When people meet me for the first time and find out that I’m a health and wellness publisher and talk show host, they likely make presumptions about my world view and essence. However, within a few moments they come to understand my inherent nature; that I’m a pragmatist, prone to cynicism. I actually think it’s apropos that someone like me is putting forward notions of health and wellness with a critical eye – because I think many of you who may not know a lot about the subject view some of the underlying concepts skeptically. And as someone who was not originally grounded in the world of health and wellness (but rather is a formerly out of shape commercial litigator) perhaps I have even more credibility when I present new ideas to you. 

If you listen to The Tonic Talk Show you know that I frequently lament the modern phenomenon which has proliferated on social media: the conflation of fact and opinion. I think it’s really become difficult to know what’s real and what has merit. This problem has been exacerbated by clickbait articles, outrageously biased reporting and the echo chamber of our digital reality – a topic I discussed with Silicon Valley Expat Alex Fink (episode #273), who is trying to create a “nutritional label” for digital media so that we’re more aware of the manipulation.

I used to believe that my cynical world view was unique. However, I’m not so sure any more. Perhaps every generation feels like they exist on the precipice of oblivion. But I think that the past few years have shifted many of you to my perspective. Witnessing the corrosive effects of tribal politics, a pandemic, war, recession etc. we’ve all become more fatigued and jaded. How could we not? I pride myself on being as informed as possible. But honestly, lately, there are some days that I have to take a break from reading the news. A cynic’s worst fear is that they’re actually right.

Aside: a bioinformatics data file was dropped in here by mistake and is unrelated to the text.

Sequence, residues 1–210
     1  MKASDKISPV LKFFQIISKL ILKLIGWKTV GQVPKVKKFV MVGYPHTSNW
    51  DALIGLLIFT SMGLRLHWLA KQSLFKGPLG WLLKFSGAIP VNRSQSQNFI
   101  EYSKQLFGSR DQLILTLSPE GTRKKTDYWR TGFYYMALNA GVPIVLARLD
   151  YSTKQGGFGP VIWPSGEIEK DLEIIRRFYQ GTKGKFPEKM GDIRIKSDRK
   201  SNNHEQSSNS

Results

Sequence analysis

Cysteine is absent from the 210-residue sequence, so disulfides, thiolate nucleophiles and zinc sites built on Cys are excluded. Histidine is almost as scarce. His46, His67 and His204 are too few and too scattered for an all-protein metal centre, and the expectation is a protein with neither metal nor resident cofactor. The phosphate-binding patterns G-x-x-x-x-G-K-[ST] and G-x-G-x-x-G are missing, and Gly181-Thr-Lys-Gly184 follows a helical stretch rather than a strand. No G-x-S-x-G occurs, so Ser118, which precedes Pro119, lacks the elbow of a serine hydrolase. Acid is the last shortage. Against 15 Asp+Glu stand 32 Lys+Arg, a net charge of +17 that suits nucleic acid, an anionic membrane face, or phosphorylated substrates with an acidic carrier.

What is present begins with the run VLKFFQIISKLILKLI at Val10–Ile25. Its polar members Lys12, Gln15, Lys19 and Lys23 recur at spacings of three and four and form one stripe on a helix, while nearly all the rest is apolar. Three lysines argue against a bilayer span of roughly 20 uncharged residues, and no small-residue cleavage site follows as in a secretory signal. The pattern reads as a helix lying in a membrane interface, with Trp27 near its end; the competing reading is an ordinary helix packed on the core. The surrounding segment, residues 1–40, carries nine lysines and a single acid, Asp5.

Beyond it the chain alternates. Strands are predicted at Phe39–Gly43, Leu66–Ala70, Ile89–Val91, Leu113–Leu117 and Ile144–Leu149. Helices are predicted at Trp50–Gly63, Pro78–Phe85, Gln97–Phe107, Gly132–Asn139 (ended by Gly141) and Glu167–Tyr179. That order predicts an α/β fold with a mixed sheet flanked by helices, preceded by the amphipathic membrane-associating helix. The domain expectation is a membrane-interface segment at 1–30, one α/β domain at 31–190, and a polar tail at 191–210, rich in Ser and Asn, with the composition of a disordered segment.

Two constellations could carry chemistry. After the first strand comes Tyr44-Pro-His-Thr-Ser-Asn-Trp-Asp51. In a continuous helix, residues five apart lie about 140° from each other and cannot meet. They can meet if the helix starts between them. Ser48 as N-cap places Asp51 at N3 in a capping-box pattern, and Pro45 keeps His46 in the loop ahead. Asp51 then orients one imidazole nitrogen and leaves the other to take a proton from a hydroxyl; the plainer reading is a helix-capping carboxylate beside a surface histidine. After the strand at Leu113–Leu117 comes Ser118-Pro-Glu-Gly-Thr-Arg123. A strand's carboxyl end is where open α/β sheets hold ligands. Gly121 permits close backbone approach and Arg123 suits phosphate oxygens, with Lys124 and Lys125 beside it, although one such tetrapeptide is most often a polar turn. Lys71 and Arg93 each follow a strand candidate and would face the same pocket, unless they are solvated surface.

So I decided to zig, when everyone seems to be zagging towards me and put some positivity out there. Who is it that has the exact opposite personna and world view to me? Who is it who is earnest and open, but is nonetheless effective and happy in his mission to help people be healthy and well? Whose perspective would be a refreshing change from my smart-assery. And then I remembered someone, who I met in 2018, not long after I started the talk show, Bhante Saranapala: The Urban Buddhist Monk. 

I think we all could use less of me and more of Bhante and his optimism, earnestness and honest belief in our innate capacity for kindness. That’s why he’s on the cover of this issue and that’s why I encourage you to read what he has to say about all of us. Please do so with an open mind – Bhante’s message seems very simple at first blush, but that does not diminish its value. I also recommend that you take the time to read Tracey Soghrati’s article on cognitive fusion or my article on the need to build and maintain muscle and some suggestions on how to do so. As always, if you’d like to discuss this note or anything you’ve read in this issue, feel free to reach out to me.